Better Look Down

7/1/2015

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STORY BY Barbara Hahijary PHOTO BY Bagus Tri Laksono

A deer head hanging on a wall is but a decorative element, but with his creativity and fine materials, Indonesian architect Cosmas Gozali managed to transform it into an artwork that is functional as it is visually captivating. An artwork holds the power to beautify a room all the while triggering our thoughts and evoking our emotions. Case in point is Cosmas’ deer head turned coffee table, which also manages to have us ponder about our individual walks of life.

Cosmas Gozali is well known for his design works in numerous locations. His works are always remarkable and often find themselves at the centre of attention. His designs carry a certain signature, one that helps us identify his works at a glance. Attracted by this distinct style, KARE Design concept store invited him, Marsio Fine Art Gallery and ISA Art Advisory, to create the Kreative Kollab series. Other artists too, participated in the collaborative movement aimed for charity, but while they are occupied with the aesthetics side of things, Cosmas was determined to create a functional artwork. Regardless, the creative mind didn’t strive for the deer head to be useful at the expense of its aesthetics. He implemented the concept “Snow in Sahara” to decorate it. He enamoured the deer antlers and eyes with Swarovski crystals, matched with illuminated beads on the base pad to represent the snow. The head is coated in matte orange paint, which is a visual representation of anything hot, passionate, and natural. We may not be able to find this deer head immediately if we walk into the room with heads tilted up, expecting to find it hanging on a wall. Quite the opposite, it’s rather hidden, hanging upside down underneath the perched canopy of Cosmas highly unmissable coffee table. The unique bedazzled deer is one thing, but having a reflecting beam supporting a canopy above a coffee table is definitely out of the ordinary. It’s attractive and indisputably makes a statement furniture piece. Fortunately, there is no need for heads to tilt or bodies to bend forward to catch a glimpse of the artwork; a mirror sits at the base of the coffee table, reflecting the head in its entirety for viewers to enjoy. It was a huge question why Cosmas turned it upside down. We would naturally still make the effort to tilt our heads to see what’s under the canopy rather than just looking at the deer head’s reflection in the mirror. Firstly, the artwork adopts the nature of most treasures: hidden. Cosmas also considered how many people ‘look up’, which consequently fills them with jealousy, fear, doubt, arrogance and at times, unrealistic ambition. Meanwhile, life begs them to look down. He elaborated his perception of looking down as an expression of gratitude for what we have, a position of prayer, and the compassion to help those in need. It also refers to how we trace back to our origins, as we all grow from the ground up. At a glance it might be ironic to be talking about gratitude and contentment considering the use of lavish Swarovski beads but Cosmas argued he has been receiving all the best things in life, and that because the project is for charity, he should only share the best things for those in need.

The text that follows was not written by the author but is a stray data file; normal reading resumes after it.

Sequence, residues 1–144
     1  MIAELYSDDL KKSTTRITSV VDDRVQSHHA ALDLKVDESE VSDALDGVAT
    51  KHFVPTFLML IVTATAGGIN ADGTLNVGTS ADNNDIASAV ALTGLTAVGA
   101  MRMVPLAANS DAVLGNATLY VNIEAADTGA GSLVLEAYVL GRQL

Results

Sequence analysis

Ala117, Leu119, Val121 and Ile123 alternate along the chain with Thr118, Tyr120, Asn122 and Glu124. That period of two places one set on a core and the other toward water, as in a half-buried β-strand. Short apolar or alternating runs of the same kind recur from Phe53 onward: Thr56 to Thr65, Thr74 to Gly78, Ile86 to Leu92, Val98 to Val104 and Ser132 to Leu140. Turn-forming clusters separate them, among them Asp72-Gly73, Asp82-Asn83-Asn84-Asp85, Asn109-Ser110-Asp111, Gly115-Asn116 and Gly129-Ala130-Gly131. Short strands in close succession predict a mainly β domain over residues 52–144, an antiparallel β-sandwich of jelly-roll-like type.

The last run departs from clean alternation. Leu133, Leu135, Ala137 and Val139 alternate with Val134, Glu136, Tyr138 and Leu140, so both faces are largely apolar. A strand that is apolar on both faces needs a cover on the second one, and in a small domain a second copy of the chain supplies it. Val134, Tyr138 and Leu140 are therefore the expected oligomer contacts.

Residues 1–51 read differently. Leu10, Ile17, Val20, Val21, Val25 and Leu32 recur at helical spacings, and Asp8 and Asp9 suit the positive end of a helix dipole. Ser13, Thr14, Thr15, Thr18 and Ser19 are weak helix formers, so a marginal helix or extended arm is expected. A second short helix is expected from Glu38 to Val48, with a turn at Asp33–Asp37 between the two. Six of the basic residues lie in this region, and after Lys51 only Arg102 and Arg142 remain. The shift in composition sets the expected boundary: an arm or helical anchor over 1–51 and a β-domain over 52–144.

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Barbara Hahijary
Author
Barbara earned her bachelor's degree in architecture from the Interior Architecture Program of the University of Indonesia in 2013. Historical or heritage buildings, as well as utilitarian design, fascinates her as it is the interaction between people and architecture that remains her favourite topic to explore. Besides architecture, her interests include design, handcrafts, literature and social issues.

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